A college professor who had anonymously accused United States Supreme Court nominee Brett Kavanaugh of sexually assaulting her in the 1980s has now waived her anonymity to tell her story.
Christine Blasey Ford, a professor at Palo Alto University, told the Washington Post in an interview published on Sunday that a “stumbling drunk” Kavanaugh pinned her to a bed and groped her as his friend watched at a house in suburban Maryland sometime in the early 1980s. They were high school students at the time.
When she tried to scream, Kavanaugh put his hand over her mouth, she told the newspaper. “I thought he might inadvertently kill me,” said Ford, who is now a 51-year-old research psychologist. “He was trying to attack me and remove my clothing.” She added that she eventually escaped, locked herself in a bathroom for sometime and then fled the house.
Kavanaugh denied the allegations when they initially surfaced anonymously after Ford detailed them in a letter to her local Congresswoman and then to California Senator Diane Feinstein. “I categorically and unequivocally deny this allegation, I did not do this back in high school or at any time,” Kavanaugh said.
Ford had initially decided to not go on record with her accusations. “Why suffer through the annihilation if it’s not going to matter?” she reportedly said. But after her story leaked and some people such as reporters were learning her identity, she “felt her privacy being chipped away”.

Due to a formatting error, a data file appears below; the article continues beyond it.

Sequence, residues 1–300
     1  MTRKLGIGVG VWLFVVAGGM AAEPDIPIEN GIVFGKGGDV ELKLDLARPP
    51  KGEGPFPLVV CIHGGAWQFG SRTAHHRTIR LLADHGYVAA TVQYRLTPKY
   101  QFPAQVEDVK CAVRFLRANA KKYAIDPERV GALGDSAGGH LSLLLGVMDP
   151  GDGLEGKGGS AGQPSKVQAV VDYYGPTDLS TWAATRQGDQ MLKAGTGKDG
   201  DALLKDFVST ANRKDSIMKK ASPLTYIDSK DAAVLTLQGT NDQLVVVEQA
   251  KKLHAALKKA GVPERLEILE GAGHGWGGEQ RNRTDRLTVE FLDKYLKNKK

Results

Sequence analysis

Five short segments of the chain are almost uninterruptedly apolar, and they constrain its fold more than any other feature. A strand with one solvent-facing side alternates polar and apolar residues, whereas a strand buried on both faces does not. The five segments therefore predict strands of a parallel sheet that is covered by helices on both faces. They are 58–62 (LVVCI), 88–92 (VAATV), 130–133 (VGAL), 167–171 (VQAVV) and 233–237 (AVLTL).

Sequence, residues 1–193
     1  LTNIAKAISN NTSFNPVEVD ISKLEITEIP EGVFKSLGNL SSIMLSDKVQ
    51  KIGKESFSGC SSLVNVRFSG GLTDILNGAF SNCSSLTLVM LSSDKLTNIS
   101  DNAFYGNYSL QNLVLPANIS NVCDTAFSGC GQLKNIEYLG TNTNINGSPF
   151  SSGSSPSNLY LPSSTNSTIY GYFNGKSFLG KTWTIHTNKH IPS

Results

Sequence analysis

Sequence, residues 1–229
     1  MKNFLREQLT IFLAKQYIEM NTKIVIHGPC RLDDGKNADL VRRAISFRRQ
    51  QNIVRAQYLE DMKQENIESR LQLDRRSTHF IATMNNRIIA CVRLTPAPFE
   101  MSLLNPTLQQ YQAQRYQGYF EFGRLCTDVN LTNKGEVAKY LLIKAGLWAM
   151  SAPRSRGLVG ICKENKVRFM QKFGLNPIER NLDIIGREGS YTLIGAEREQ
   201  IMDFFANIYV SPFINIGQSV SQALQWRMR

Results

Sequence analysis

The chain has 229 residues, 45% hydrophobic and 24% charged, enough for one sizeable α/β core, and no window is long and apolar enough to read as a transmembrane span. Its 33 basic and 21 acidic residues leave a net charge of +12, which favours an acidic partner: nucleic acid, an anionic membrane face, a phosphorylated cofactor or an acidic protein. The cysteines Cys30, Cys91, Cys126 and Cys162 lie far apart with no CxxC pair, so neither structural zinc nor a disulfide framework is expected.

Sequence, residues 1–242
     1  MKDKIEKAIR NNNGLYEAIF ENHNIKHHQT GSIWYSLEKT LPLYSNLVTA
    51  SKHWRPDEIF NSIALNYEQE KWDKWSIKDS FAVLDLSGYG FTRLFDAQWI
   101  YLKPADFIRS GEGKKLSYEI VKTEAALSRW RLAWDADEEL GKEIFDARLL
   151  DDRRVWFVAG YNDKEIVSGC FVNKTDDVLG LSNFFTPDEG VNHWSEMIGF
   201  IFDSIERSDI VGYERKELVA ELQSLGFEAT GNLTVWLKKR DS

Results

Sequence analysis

“These are all the ills that I was trying to avoid,” she said. “Now I feel like my civic responsibility is outweighing my anguish and terror about retaliation.”
Kavanaugh is a District of Columbia appeals court judge and served as an advisor to former President George W Bush. Kavanaugh is an ideological conservative who is expected to push the court towards the right on a number of issues including business regulation and national security. In order to be appointed to the Supreme Court, Kavanaugh’s nomination must now be confirmed by the US Senate, which the Republican Party narrowly controls 51-49. A nominee needs a simple majority of 51 votes to be confirmed.
Democrats have called on the Senate Judiciary Committee to postpone its vote until the allegations are investigated, AFP reported. Kavanaugh was questioned by the committee last week. It is due to vote on Thursday on whether his nomination should go forward to a vote in the Senate.
“For too long, when woman have made serious allegations of abuse, they have been ignored. That cannot happen in this case,” Chuck Schumer, who is the leader of the Democrats in the Senate, said. “To railroad a vote now would be an insult to the women of America and the integrity of the Supreme Court.”
A Republican member of the committee had said before Ford’s Washington Post interview that Kavanaugh would be comfortably voted. “They’ve had this stuff for three months. If they were serious about it, they should’ve told us about it,” Louisiana Senator John Kennedy said, adding that the whole process was turning into “an intergalactic freakshow.”